It’s not credible because, just last week, in the original story in The Athletic, it was reported that the Astros system was set up by two players, one of whom was “a hitter who was struggling at the plate and had benefited from sign stealing with a previous team, according to club sources . . . they were said to strongly believe that some opposing teams were already up to no good. They wanted to devise their own system in Houston. And they did.”

The very next day Passan reported that Major League Baseball would not limit its focus to the Astros. Rather, the league’s probe was also include members of the 2019 Astros and would extend to other teams as well. Passan specifically mentioned the 2018 Red Sox which, of course, were managed by Alex Cora one year after he left Houston, where he was A.J. Hinch’s bench coach.

Add into this the Red Sox’ pre-Cora sign-stealing with Apple Watches and widespread, informed speculation on the part of players and people around the game that many teams do this sort of thing, and one can’t reasonably suggest that only the Houston Astros are doing this.

Which, as I noted at the time, made perfect sense. These schemes cannot, logically, operate in isolation because players and coaches change teams constantly. In light of this, players have to know that their sign-stealing would be found out by other teams eventually. They continue to do it, however, because they know other teams do it too. As is the case with pitchers using pine tar or what have you, they don’t rat out the other team so they, themselves, will not be ratted out. It’s a mutually-assured destruction that only exists and only works if, in fact, other teams are also stealing signs.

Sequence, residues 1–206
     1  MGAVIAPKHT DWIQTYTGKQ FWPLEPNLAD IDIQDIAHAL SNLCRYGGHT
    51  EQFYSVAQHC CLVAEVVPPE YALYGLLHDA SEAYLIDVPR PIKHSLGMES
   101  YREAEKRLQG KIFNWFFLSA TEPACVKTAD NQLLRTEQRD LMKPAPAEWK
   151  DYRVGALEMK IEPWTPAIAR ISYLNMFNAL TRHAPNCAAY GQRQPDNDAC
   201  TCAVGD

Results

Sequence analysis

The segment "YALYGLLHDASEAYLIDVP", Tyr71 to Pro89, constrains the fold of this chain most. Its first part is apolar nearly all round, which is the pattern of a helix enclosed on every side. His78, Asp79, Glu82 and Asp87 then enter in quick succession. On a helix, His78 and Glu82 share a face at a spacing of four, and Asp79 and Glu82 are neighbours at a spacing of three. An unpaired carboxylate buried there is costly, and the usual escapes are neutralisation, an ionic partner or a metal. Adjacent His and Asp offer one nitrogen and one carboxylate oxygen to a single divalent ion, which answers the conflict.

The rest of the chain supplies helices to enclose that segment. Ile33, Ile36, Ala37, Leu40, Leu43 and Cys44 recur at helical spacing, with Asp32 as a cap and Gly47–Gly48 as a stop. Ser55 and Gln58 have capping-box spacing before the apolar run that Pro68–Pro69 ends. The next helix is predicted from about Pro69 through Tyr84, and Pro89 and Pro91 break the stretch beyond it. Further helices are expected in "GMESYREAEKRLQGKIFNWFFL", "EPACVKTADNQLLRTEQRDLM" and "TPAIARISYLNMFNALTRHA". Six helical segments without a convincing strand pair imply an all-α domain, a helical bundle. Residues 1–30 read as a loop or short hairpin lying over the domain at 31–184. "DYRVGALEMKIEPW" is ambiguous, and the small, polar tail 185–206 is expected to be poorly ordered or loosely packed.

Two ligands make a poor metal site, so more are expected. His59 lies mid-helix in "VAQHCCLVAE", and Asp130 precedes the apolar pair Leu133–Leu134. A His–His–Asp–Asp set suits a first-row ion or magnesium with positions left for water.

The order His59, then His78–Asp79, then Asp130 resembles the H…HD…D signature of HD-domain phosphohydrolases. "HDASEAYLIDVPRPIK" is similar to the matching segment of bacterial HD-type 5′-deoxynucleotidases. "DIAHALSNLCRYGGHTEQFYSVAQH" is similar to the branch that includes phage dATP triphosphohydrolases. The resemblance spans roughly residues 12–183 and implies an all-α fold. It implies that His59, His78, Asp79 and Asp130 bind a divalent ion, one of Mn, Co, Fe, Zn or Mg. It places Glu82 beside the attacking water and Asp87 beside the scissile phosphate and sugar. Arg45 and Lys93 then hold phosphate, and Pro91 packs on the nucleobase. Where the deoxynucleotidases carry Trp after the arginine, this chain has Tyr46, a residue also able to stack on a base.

So why is Major League Baseball content to only hang the Astros here? I can think of two reasons.

One is practical. They had the Astros fall in their lap via former Astro Mike Fiers — obviously not himself concerned with his current team being busted for whatever reason — going on the record with his accusation. That’s not likely to repeat itself across baseball and thus it’d be quite difficult for Major League Baseball to easily conduct a wide investigation. Who is going to talk? How can baseball make them talk? It’d be a pretty big undertaking.